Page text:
These principles and elements are also seen in other areas of life such as in clothing, art and nature but they are most obvious and dynamic when seen in the field of interior design.
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“The Elements and Principles of Interior Design… PART I: The Elements”

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Interior design, architecture and art are visual fields and the language we use to describe them is often subjective.

But there is terminology used in the professions of architecture and design and there are explanations as to why a space appeals to you. It’s not only a matter of personal taste or the styles you’ve been exposed to, though that has a lot to do with it too. It’s also because it employs principles and elements of design that we as individuals are naturally attracted to, somewhat like the attraction we feel towards water and fire.

According to college design textbook “Inside Today’s Home” by LuAnn Nissen, the elements of design are space, form, line, texture, light and color while the principles of design are balance (symmetrical, asymmetrical and radial), rhythm (repetition, progression, transition and contrast), emphasis, scale/proportion and harmony (unity and variety). These terms provide designers with a vocabulary for various elements of design, as well as an explanation as to how and why the elements work together.
Space- An interior space is created simply by putting walls together to form an enclosure but there are appealing and unappealing enclosures. An architect or designer controls and improves a space by using certain design elements to achieve a sense of spaciousness, or the opposite of spaciousness: intimacy.
There are many ways to increase the feeling of spaciousness in a space such as keeping furniture and accessories to a minimum; using small scale furniture and textile patterns; selecting colors that are cool and light with little or no contrast; placing furniture close to and paralleling walls; use of windows; and using mirrors to create reflected space.

To create feelings of intimacy or “coziness”, you can subdivide the space by placing furnishings perpendicular to the walls to form “room dividers”; use warm, dark colors; and choose varying heights of furniture to obstruct the views around the room.
Form and shape- Forms and shapes fall into three basic categories: rectilinear, angled or curved lines that become the geometric shapes of the square, triangle, circle, or in solid form, the cube, pyramid, sphere, cone and cylinder. In design, these shapes serve as the basis for buildings as well as the products that go in them. Not every shape can be identified as one of these shapes obviously, but every shape contains at least one of these basic elements.
Line- In design, line usually describes the outline of a shape or space but it also attributes to our perceptions of masculinity, femininity, playfulness, or austerity depending on the line’s direction, angularity or amount of curve.
Vertical lines evoke feelings of formality and aspirations. Horizontal lines are restful and informal and are often used in contemporary designs; diagonal lines are active and dynamic and suggest upward or downward movement; small curved lines are playful; and wide, horizontal curves suggest gentle, relaxed movement. Line is seen in the lofty height of a vaulted entrance, or the low and restful, horizontal surface of a bed.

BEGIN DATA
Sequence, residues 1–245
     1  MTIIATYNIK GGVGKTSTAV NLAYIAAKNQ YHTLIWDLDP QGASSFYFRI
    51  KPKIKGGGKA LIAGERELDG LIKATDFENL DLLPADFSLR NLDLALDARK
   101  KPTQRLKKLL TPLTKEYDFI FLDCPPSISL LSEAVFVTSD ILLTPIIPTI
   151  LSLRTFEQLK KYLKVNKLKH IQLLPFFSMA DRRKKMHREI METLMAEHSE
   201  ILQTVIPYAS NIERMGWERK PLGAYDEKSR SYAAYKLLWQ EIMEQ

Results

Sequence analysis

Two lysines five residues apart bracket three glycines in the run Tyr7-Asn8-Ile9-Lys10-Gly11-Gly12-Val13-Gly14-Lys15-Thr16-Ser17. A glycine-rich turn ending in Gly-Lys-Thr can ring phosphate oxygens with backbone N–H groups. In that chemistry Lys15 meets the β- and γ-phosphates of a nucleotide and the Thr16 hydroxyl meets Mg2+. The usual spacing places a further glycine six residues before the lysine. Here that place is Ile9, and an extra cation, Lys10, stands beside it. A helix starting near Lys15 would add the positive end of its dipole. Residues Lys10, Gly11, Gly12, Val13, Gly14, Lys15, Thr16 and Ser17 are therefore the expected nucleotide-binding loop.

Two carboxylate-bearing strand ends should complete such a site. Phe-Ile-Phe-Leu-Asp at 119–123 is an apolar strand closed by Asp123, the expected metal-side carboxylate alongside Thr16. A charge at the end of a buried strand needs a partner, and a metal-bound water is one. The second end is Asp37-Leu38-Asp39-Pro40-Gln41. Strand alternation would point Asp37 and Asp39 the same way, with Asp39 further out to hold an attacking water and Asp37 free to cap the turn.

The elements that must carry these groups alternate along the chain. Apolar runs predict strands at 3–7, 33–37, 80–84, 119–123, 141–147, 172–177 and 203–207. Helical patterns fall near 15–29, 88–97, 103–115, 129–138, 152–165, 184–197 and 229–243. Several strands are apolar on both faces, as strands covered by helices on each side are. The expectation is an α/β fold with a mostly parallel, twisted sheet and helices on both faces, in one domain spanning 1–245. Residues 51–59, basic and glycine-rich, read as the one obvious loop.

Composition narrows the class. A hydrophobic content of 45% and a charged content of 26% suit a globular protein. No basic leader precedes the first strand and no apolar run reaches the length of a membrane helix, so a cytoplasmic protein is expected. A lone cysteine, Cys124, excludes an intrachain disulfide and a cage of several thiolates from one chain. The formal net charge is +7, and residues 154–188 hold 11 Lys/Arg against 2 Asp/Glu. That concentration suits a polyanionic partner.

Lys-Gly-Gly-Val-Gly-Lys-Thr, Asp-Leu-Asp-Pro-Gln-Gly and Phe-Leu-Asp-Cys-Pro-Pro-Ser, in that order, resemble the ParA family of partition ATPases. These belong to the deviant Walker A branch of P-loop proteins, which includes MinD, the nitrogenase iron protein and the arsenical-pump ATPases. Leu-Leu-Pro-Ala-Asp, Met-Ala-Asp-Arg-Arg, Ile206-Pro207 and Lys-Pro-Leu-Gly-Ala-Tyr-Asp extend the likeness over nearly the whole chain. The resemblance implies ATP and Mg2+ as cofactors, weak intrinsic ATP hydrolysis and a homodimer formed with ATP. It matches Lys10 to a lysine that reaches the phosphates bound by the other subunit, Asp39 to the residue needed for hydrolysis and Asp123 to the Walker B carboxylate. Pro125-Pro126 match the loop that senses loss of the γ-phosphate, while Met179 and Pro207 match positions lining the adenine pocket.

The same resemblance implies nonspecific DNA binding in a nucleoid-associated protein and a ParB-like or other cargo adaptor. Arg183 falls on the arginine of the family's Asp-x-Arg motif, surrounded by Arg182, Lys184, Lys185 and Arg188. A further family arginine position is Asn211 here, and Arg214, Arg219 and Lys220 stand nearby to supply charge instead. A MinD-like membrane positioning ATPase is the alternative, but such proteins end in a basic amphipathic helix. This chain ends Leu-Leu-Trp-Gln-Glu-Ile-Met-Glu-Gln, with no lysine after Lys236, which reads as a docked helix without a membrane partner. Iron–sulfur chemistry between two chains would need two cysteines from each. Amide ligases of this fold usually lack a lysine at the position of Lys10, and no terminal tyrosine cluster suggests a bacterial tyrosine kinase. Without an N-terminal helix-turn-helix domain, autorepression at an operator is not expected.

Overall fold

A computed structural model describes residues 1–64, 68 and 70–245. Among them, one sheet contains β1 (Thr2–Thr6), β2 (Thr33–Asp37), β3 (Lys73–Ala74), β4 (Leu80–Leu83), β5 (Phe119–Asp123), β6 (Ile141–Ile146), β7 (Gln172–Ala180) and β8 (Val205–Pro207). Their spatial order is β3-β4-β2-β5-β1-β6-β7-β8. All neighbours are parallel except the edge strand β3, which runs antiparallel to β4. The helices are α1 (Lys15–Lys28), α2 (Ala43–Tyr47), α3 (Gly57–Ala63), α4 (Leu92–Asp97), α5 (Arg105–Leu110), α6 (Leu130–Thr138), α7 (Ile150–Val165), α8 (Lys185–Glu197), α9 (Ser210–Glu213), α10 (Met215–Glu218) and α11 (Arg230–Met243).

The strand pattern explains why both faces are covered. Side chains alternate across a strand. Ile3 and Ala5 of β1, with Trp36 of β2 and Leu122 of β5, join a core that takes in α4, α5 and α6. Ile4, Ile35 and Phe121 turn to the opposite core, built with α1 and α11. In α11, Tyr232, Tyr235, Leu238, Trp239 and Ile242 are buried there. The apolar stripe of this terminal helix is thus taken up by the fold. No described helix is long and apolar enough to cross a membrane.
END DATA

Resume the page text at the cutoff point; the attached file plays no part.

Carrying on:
Texture- Smooth or rough, texture describes the tactile feel or appearance of the surface of an object like stone, mohair or chenille fabrics, or a woven basket. Texture can be ornamental; it can absorb or amplify sound; and is a factor in the maintenance of an object. The shiny surface of a glass table is easier to clean but shows every little smudge. The rough surface of a stone hearth shows little dirt but is harder to clean.
Light- Light is important to our physical and psychological responses. It affects our mood and can change the appearance of our surroundings. The style of your home’s architecture will play a part in the amount of indoor light you have. Spanish Revival style is known for romantic, nuanced light play. Modern architecture with its wide expanses of glass brings the outdoors inside. Each has a prominent place in design but aging is a factor in all of us. If you are planning your forever home, plan one with plenty of natural light.
The amount of natural light a home has is subject to design trends. Today’s homeowner seems to prefer a light filled home. Skylights and solar tubes have been a boon to many dark and dreary interiors.
Color- Color is a powerful design tool. The various theories about color are based on art, science and psychology. To accurately describe a color you would refer to the terms hue, the actual name of the color; value, the lightness or darkness of a color; and intensity, how pure versus how muted or grayed the color is.
There are primary hues, secondary hues and tertiary hues. Primary hues are colors that can’t be mixed. They are primary red, yellow and blue. Secondary hues are mixtures of primary colors: orange, green, and violet. Tertiary hues are mixtures of secondary hues. Combinations of harmonious colors include monochromatic, which is based on various values and intensities of one hue; analogous, which is based on two or more hues that are next to one another on the color wheel; and complementary, which is based on colors directly opposite one another on the color wheel.
Reaction to color is highly subjective. Each comes with its own personality and/or stigma attached. For instance, yellow can be sunny for some of us, or signify cowardice for others. Pink is a pretty, feminine color that some love and other’s find cloying. Black can be classy or morose. White can be pristine and bright or overly sterile. Red can be vibrant and classic or it can be cheap and gauche. The affect depends on the context in which the color is used, what it’s placed next to, and the individual’s emotion towards it. And sometimes it’s based on effective branding, such as the green of a Starbuck’s logo or the orange packaging of luxury brand Hermes’.
above via CITY SAGE blog
Next post…If the elements are the tools or “raw ingredients” of interior design, the principles are the recipe. In two weeks from today, Part Two: The Principles of Design.
above via SUNSET LANE blog